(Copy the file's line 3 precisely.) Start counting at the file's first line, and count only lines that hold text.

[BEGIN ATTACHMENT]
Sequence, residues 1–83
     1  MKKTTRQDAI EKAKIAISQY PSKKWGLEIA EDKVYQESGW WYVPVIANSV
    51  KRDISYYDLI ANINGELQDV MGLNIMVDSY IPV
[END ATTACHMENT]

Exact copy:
    51  KRDISYYDLI ANINGELQDV MGLNIMVDSY IPV